Look through many HR and training recruitment pages and websites and you’ll see ads for learning and development (L&D) specialists. Many training professionals must wonder what the difference is between what they and L&D types do.
It could be a case of a rose by any other name as, it seems, the training profession is increasingly seeing itself referred to as ‘learning and development specialists’.
This is more than semantics, according to Chartered Institute of Personnel and Development adviser for learning, training and development, Martyn Sloman. He sees a shift in emphasis – one which training professionals should watch.
“A difference is emerging between training and learning and development. L&D is about a broader context: looking far beyond the delivery of classroom events. It’s about recognising what steps are needed to support, direct and facilitate learning at all levels, putting the structures in place, and enthusing those who have to deliver within those structures.”
This shift brings ambiguity in its wake, and job candidates should check an organisation’s intentions before they despatch their CV.
Hay Human Resources’ regional director, Tracey Rimmer, has noticed the breadth of options on the job market. “We find that L&D is one of the broadest job titles that we receive, with clients looking for L&D partners but also managers,” she says.
Her advice is to check. “Ask the recruitment consultant. Check the objectives and reporting line of the role,” she says.
It is difficult to say which sectors are embracing the L&D concept but it seems to be predominantly within the pharmaceutical sector and financial services, says Jonathan Briggs, a manager at HR recruitment specialist Fraser Jones.
He attributes the take-up there to the rapid innovation in those areas and a thirst for knowledge to overcome problems such as the mis-selling of financial information.
Some senior and challenging jobs are on offer here, he says, “particularly in the financial sector, where people are looking for specific experience in regulations and awareness of legislation”.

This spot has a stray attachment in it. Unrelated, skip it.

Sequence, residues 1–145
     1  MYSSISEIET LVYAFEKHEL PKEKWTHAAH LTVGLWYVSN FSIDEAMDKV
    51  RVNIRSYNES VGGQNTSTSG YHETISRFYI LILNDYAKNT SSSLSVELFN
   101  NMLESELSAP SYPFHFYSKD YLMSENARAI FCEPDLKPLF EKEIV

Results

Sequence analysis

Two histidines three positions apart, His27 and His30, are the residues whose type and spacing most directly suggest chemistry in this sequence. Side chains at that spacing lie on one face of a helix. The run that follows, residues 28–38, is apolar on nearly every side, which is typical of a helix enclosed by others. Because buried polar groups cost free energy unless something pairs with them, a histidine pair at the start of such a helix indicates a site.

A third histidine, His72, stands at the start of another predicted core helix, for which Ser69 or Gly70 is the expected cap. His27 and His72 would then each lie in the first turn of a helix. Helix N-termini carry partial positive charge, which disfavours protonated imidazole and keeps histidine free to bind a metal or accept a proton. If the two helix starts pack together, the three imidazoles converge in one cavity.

But, he adds, the market takes a broader view. “They will increasingly recruit from blue chips, but it can be a chicken and egg situation in terms of skills and experience. Which do you get first? And law firms, which always need L&D people to manage their staff’s professional development, recruit from their own sphere.”
Rimmer says organisational change projects and an emphasis on personal learning have created demand for L&D specialists. “The public sector has embraced that area because of the work around the Agenda for Change and is bringing people from commercial areas accordingly,” she says.
Common ground between learning and development jobs is often a remit for analysing the skills base, commissioning or planning programmes to address the skills needs, and linking these elements to organisational change projects. Sometimes the boundaries are blurred with talent management or with those of organisational development.
This is the case for Giles Cockman. He joined automotive aftermarket technical products and service supplier Kent Europe in 2003 as European L&D adviser.
His role is to help the company focus on learning and to help employees learn how to meet market and customer needs.
Cockman says that with strong sponsorship from the managing director and HR director, he established the Kent Academy as an umbrella for all the company’s L&D needs.
He relishes his current job. “The huge motivation for me is that I can see I have an impact on the business with involvement in follow through and application of learning beyond the classroom,” he says.
Salaries for L&D specialists vary widely, says Rimmer. “We get asked to find L&D officers with salaries offered around the £23,000 mark, right up to specialist roles earning around £50,000.”
Fraser Jones’ Briggs says rates of pay are on an upward turn. “HR is a shrinking market of quality candidates,” he says.
Cockman thinks L&D will be a boom area. “A growing interest in self-managed development is fuelling the need for learning and development professionals,” he says. “Businesses are aware of the need to continually refresh skills and knowledge, while employees are encouraged to take personal responsibility for this process. “L&D professionals are a bridge be-tween the two, ensuring that L&D is closely linked with the business.”
Could you be an L&D specialist?
James Riding is senior HR consultant at recruitment agency Astralis. He says candidates who want to call themselves L&D specialists should:
- Show a broad commercial understanding of how the business works
- Have experience in organising soft-skills training
- Demonstrate an understanding of where HR strategy is helping the business as a whole
- Demonstrate credibility and insight into organisational effectiveness
Giles Cockman adds that they need:
- To have coaching and facilitation skills
- To think about the long-term development of people
- To know how to encourage an organisational culture of self-managed learning